Turn the heat under the griddle pan back up high. Brush the cut side of the lettuce halves with half the oil, then lay four of them cut side down on the grill and char for four minutes. Brush the outside of the romaine halves with more oil, carefully turn over, char for another four minutes, then arrange them cut side up on a platter. Repeat with the remaining four romaine halves and oil.

Sprinkle the charred lettuce with a good pinch of flaked sea salt, then spoon over the salsa roja and buttermilk mix, pushing the sauce in between the leaves. Stir the lime zest, juice, spring onions and a quarter-teaspoon of flaked salt through the corn mix, spoon this all over the lettuce and serve warm or at room temperature.

Cheese-and-onion-stuffed grilled baby peppers

Yotam Ottolenghi’s parmesan-stuffed and grilled baby peppers.
Yotam Ottolenghi’s cheese-and-onion-stuffed grilled baby peppers.

Baby peppers are super-sweet and have a great texture once grilled. If you’re cooking them on a barbecue, wait for the flames to die down to an ember before putting on the peppers; in the meantime, when the coals are at their hottest, char the spring onions. If you want to get ahead, char the onions and stuff the peppers the day before. You’ll need at least 16 small toothpicks to secure the stuffing inside the peppers.

Prep 5 min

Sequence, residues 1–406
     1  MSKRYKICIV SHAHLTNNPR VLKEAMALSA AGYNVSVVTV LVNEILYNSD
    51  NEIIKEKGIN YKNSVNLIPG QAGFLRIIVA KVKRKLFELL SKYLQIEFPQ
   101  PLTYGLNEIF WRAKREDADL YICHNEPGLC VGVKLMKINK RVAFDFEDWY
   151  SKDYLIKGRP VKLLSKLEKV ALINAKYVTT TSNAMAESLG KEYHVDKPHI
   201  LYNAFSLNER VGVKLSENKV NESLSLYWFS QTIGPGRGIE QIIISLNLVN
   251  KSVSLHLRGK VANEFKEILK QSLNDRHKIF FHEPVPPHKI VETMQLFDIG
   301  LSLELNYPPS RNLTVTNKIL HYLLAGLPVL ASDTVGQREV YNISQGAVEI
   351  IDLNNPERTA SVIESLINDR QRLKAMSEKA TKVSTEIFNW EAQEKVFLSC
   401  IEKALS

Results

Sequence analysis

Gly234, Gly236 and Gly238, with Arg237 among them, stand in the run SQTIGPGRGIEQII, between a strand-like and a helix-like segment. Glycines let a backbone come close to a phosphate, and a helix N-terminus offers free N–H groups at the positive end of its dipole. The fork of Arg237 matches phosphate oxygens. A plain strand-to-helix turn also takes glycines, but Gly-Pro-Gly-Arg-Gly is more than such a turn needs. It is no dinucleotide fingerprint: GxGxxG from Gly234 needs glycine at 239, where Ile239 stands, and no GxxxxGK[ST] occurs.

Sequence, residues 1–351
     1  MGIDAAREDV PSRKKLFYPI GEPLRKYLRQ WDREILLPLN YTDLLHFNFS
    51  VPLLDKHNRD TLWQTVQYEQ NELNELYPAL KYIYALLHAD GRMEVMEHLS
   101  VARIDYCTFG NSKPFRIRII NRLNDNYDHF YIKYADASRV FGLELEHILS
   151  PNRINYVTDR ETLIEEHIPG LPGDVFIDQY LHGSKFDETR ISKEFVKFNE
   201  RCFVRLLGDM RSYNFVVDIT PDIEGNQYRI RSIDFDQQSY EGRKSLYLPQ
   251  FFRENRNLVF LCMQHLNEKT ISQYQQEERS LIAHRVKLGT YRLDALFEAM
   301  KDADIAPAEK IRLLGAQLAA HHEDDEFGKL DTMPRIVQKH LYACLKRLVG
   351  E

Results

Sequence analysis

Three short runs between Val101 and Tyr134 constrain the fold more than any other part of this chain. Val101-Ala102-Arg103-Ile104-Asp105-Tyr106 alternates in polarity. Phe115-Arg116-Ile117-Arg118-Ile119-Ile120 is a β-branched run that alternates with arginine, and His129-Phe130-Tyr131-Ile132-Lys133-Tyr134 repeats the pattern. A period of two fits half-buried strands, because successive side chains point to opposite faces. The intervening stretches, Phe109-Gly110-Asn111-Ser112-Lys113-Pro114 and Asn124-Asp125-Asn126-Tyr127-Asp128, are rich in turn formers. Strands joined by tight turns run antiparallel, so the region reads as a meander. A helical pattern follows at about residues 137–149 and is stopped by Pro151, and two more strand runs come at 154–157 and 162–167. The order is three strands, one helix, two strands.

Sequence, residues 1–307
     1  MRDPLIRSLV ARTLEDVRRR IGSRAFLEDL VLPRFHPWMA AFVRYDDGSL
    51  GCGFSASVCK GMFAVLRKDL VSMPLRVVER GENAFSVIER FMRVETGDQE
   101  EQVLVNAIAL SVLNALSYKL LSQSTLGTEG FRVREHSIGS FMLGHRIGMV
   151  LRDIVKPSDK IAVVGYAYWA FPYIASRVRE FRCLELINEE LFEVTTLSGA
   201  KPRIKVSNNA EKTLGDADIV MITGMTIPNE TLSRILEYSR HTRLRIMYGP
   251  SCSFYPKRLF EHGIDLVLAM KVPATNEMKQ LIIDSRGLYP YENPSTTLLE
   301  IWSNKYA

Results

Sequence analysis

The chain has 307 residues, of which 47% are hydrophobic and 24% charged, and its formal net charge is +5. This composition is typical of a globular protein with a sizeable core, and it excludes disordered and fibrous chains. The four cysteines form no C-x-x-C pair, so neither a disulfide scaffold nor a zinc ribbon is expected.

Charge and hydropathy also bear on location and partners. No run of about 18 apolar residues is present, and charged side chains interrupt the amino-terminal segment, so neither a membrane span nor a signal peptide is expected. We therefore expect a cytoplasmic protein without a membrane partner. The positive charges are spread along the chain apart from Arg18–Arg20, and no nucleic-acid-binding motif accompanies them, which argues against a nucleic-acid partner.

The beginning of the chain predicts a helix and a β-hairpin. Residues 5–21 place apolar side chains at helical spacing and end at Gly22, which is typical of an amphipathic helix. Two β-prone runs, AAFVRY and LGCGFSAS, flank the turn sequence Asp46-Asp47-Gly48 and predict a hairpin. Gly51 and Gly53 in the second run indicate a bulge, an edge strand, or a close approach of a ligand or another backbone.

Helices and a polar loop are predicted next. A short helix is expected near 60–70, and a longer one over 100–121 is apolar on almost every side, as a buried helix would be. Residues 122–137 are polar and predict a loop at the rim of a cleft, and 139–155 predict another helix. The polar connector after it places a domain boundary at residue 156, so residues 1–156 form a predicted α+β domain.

Cook 45 min
Serves 4 as a starter or as part of a meze

8 baby peppers (AKA piccellera peppers; about 400g)

For the stuffing
8 spring onions, trimmed, green parts thinly sliced, whites left whole (130g)
2 tsp vegetable or sunflower oil
150g cream cheese
30g parmesan, finely grated (or a vegetarian alternative)
1 large lime, cut in half, one half zested, to get ½ tsp, and juiced, to get 1½ tsp, the other half left whole
Flaked salt and black pepper

For the honey dressing
1½ tbsp runny honey
1½ tbsp good-quality red-wine vinegar
1½ tbsp extra-virgin olive oil

First make the filling. Heat a griddle pan on a high heat until smoking hot. Put the spring onion whites in a medium bowl with the vegetable oil, toss to coat, then lay in the hot pan and grill, turning often, for about six minutes, until blackened all over. Transfer to a plate to cool and keep the griddle on a low heat.

Once the grilled onions are cool, thinly slice them and put in a bowl with the cream cheese, parmesan, lime zest, a quarter-teaspoon of salt and a good grind of pepper. Mix well, cover with a plate and refrigerate.

Mix all the dressing ingredients in a bowl with the sliced spring onion greens, lime juice, a quarter-teaspoon of salt and a good grind of pepper.

Cut the stalk and 5mm of flesh off the top of each pepper, to make little hats, then, using a teaspoon, carefully scrape out and discard the seeds and pith without tearing the flesh. Using the same spoon, three-quarters fill each pepper with the cream cheese mixture, pop the lid back on top and secure in place with two toothpicks.